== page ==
A tragical scene occurred in Hyde Park, on Monday morning,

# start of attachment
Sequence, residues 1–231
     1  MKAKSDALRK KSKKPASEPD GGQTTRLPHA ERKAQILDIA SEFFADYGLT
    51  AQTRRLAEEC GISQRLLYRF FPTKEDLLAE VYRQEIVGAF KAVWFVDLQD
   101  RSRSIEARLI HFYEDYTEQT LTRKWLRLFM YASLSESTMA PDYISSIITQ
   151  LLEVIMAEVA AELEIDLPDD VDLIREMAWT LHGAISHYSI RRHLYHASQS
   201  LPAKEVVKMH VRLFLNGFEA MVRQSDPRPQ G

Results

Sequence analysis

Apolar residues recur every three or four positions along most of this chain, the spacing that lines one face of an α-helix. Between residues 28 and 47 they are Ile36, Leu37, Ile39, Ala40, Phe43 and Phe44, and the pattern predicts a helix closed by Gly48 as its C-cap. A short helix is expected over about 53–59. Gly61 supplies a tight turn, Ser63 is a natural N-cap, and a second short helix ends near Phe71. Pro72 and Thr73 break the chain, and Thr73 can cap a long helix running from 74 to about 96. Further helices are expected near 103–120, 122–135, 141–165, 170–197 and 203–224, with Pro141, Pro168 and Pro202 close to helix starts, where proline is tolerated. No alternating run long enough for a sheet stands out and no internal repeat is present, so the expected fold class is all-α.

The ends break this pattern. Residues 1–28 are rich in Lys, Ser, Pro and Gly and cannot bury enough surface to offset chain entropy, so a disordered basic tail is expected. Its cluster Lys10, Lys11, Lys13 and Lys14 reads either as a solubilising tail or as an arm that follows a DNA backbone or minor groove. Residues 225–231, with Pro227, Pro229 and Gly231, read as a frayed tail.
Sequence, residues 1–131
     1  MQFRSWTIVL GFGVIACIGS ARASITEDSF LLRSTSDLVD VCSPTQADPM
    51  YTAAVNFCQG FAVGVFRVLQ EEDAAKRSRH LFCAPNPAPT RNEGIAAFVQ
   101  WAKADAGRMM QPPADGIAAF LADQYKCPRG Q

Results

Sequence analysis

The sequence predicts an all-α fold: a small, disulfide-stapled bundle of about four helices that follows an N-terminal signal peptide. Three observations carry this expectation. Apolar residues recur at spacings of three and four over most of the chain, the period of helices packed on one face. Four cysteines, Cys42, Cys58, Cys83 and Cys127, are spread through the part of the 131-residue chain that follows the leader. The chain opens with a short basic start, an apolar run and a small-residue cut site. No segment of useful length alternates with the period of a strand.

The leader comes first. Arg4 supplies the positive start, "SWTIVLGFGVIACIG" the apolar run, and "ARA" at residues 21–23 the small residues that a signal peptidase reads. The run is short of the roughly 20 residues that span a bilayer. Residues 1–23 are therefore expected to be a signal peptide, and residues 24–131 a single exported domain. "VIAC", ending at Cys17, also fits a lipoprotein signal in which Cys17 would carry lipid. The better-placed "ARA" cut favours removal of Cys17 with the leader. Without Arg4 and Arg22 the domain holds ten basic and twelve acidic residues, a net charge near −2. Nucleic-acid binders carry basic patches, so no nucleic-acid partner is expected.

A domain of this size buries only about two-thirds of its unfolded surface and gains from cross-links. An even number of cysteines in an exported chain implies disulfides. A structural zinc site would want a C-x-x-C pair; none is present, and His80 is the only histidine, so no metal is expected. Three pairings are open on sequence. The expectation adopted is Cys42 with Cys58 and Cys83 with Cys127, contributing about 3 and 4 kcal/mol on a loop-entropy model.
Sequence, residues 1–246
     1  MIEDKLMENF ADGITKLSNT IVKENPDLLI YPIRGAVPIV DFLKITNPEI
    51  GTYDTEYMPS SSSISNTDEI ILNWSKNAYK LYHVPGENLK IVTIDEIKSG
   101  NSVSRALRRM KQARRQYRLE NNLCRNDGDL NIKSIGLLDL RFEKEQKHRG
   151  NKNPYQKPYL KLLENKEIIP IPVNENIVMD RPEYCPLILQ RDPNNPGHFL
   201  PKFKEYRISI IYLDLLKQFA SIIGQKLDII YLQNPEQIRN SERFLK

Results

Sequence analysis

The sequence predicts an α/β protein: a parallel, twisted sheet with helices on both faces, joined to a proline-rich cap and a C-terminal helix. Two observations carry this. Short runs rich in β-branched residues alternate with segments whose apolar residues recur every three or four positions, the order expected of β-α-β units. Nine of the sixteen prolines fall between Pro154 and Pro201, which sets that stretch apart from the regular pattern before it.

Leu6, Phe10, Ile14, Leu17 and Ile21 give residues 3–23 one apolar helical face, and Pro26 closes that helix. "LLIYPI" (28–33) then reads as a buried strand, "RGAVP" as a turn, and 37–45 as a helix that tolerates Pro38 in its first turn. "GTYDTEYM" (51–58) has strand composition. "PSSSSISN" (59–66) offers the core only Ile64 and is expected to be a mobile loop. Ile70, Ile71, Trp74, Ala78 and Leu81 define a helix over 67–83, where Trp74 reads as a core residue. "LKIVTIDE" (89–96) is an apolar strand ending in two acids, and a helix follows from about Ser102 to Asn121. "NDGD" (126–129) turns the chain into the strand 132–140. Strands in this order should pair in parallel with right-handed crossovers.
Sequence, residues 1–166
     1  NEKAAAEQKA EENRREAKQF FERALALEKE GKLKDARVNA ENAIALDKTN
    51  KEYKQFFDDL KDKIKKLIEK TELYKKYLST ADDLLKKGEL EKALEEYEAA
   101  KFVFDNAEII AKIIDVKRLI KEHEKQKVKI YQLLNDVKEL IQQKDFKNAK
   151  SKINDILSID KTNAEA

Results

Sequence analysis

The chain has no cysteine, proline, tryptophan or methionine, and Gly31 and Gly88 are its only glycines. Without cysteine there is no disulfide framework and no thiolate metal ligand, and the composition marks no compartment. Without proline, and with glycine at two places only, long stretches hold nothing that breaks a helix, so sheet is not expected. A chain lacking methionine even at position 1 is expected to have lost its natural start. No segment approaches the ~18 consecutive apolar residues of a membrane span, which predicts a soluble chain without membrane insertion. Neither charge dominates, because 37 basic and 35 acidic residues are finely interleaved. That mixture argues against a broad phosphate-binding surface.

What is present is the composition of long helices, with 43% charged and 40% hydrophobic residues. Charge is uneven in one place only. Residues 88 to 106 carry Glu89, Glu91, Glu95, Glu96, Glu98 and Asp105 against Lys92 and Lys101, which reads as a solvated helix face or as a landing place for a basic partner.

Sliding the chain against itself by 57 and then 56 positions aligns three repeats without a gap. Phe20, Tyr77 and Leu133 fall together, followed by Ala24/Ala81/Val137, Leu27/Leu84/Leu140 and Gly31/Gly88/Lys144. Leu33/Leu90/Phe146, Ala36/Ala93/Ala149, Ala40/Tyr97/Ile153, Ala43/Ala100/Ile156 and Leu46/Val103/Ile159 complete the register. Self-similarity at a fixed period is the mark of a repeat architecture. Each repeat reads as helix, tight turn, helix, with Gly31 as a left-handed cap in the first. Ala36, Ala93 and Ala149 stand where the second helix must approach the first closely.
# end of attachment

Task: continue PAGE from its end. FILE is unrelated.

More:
about nine o'clock. The First Battalion of the First Regiment of Foot Guards had entered the Park to exercise, with colours flying and baud playing. Their Commander, Colonel Ellison, was accompanied to the ground by his wife. The men were drawn up in line ; and the Colonel had just given the word "Present arms !" when he fell from his horse in a fit. Several officers galloped to his assistance, others for medical aid. Mrs. Ellison was in an instant kneeling by her husband's side ; but, overcome by emotion, she fainted, and was carried away. A medical man happened to be on the spot, but he could do no more than pronounce the Colonel dead. Colonel Robert Ellison entered the Army as an Ensign in 1807, and served with distinction in the Peninsula and at Waterloo. At a Coroner's inquest, on Tuesday, Captain Frederick Hamilton stated, that when he asked Colonel Ellison how he did on Monday morning, he replied that he did not feel well, and that he had not felt well all the previous day. Mr. Copeland attributed the death to disease of the heart, with which the Colonel had been affected for twelve months; Mr. Elsgood, another surgeon, to disease of the brain. The Jury's verdict was" Died by the visitation of God."